Today we welcome a guest post from Alisha Gaines, author of Black for a Day: White Fantasies of Race and Empathy. In 1948, journalist Ray Sprigle traded his whiteness to live as a black man for four weeks. A little over a decade later, John Howard Griffin famously “became” black as well, traveling the American South in search of a certain kind of racial understanding. Contemporary history is littered with the surprisingly complex stories of white people passing as black, and here Alisha Gaines constructs a unique genealogy of “empathetic racial impersonation”—white liberals walking in the fantasy of black skin under the alibi of cross-racial empathy. At the end of their experiments in “blackness,” Gaines argues, these debatably well-meaning white impersonators arrived at little more than false consciousness.
Complicating the histories of black-to-white passing and blackface minstrelsy, Gaines uses an interdisciplinary approach rooted in literary studies, race theory, and cultural studies to reveal these sometimes maddening, and often absurd, experiments of racial impersonation. By examining this history of modern racial impersonation, Gaines shows that there was, and still is, a faulty cultural logic that places enormous faith in the idea that empathy is all that white Americans need to make a significant difference in how to racially navigate our society.
White Guilt and Allyship on UndergroundIn the scandal-fueled aftermath of the election of Donald Trump, some of my white friends texted and emailed me vowing to fight Muslim bans, the deportation of Latinx immigrants, and dogwhistles promising the racist escalation of law and order. My social media was a visual cacophony of safety pins and pink pussy hats—emblems of resistance, empathy, allyship, and often, white liberal guilt.
Being seen as a “good” white person has rarely been more important.
Months before white women began knitting, the WGN cable show Underground debuted on March 9, 2016. It chronicles the attempted escape by seven slaves from a Georgia cotton plantation in 1857. Since staging black fugitivity through reimaginings of the Underground Railroad is critically and commercially popular, Underground was a ratings breakout for the network.
Unlike the many representations of slavery that exploit black bodies in pain while over-representing white heroism, Underground is a different kind of history. Created by Misha Green and Joe Pokaski, it features the uncompromising resistance of black folks and the vulnerabilities faced by white allies.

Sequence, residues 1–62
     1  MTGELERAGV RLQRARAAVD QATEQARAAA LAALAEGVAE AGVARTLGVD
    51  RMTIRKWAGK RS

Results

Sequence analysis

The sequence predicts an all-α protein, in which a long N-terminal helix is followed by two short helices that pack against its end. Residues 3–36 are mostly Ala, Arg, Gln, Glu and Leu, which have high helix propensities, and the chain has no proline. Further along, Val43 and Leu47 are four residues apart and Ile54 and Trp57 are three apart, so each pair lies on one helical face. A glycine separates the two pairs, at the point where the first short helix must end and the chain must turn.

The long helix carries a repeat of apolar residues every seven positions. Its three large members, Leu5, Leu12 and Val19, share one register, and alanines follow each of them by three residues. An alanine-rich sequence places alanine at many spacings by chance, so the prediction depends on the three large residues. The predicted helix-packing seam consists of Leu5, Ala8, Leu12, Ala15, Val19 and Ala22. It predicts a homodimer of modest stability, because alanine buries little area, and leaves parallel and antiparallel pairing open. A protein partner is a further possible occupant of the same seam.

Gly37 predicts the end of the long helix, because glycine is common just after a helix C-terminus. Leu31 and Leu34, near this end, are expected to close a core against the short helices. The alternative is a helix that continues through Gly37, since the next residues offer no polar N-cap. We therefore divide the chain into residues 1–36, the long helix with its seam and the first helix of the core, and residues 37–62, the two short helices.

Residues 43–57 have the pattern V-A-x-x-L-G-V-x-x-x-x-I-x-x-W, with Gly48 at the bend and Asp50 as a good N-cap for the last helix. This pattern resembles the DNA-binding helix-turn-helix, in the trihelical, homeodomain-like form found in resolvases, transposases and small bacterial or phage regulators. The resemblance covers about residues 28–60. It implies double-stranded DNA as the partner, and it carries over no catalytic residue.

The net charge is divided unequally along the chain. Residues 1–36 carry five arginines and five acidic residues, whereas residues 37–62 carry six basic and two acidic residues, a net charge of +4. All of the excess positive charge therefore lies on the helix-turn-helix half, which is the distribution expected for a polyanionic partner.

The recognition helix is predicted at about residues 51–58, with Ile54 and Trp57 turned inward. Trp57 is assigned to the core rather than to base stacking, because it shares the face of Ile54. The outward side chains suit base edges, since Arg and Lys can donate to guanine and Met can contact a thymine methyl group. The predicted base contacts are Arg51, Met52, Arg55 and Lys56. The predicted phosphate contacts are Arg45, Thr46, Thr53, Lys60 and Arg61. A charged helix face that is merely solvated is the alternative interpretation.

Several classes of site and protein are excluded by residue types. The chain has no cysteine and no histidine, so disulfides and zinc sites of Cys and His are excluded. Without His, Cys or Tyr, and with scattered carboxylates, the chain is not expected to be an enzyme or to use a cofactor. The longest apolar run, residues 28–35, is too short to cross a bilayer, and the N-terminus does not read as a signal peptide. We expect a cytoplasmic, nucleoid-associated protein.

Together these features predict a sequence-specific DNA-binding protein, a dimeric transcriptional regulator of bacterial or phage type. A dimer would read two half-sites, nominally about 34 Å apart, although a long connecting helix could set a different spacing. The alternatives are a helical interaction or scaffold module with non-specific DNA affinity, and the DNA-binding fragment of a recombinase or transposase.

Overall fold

For example, Season One displays the rapid transformation of John Hawkes (possibly a nod to John Milton Hawks) from a lawyer sympathetic to “the cause” to an abolitionist whose house on the Ohio River became a station. In Episode 4, entitled “Firefly,” fugitive slave Josey apprehends John to avenge the sale of his wife, Tippy, years earlier. After denying any involvement by insisting he never owned or sold slaves, John eventually admits his involvement in the estate sale resulting in Josey’s wife being sold to a Kentucky tobacco plantation owner.
John only admits his complicity after experiencing the most extraordinary display of white guilt and contrition I have ever seen on mainstream television: the coerced whipping of John by his wife, Elizabeth. On Underground, audiences see white bodies whipped, shot, punched, and even killed, images we are accustomed to seeing exclusively with black bodies. However, John’s flayed body stands as an example of the repercussions of white supremacy and the peculiar institution of slavery for white folks as well. After Elizabeth reluctantly whipped her husband and witnessed his confession, she asked him if his story was true. It was. “Then you got the whipping you deserved,” Elizabeth coldly insists.
I wrote the first draft of this post before I found out that Underground has been cancelled. Although Underground might be flawed history—often as anachronistic as its notable musical soundtrack—it provided helpful models for resistance. Executive producer John Legend makes it plain: “What these stories are intended to do—and what I think all storytelling is intended to do in some ways—is to hopefully develop some empathy among us so that we see each other, understand each other’s backgrounds, understand each other’s stories, and also understand the inhumanity that fellow human beings were able to inflict on each other in this country that’s supposed to be the land of the free.”
That Underground unflinchingly represented black resistance while also teaching us that whiteness is always complicit in racial terror, regardless of how many safety pins one collects, is a threat to our current sociopolitical landscape. John Hawkes reminds all white folks that true allyship means real vulnerability. It’s not just “looking good.” And that is too real for our fake news.
Alisha Gaines is assistant professor of English at Florida State University and author of Black for a Day: White Fantasies of Race and Empathy. Follow her on Twitter @alishagaines.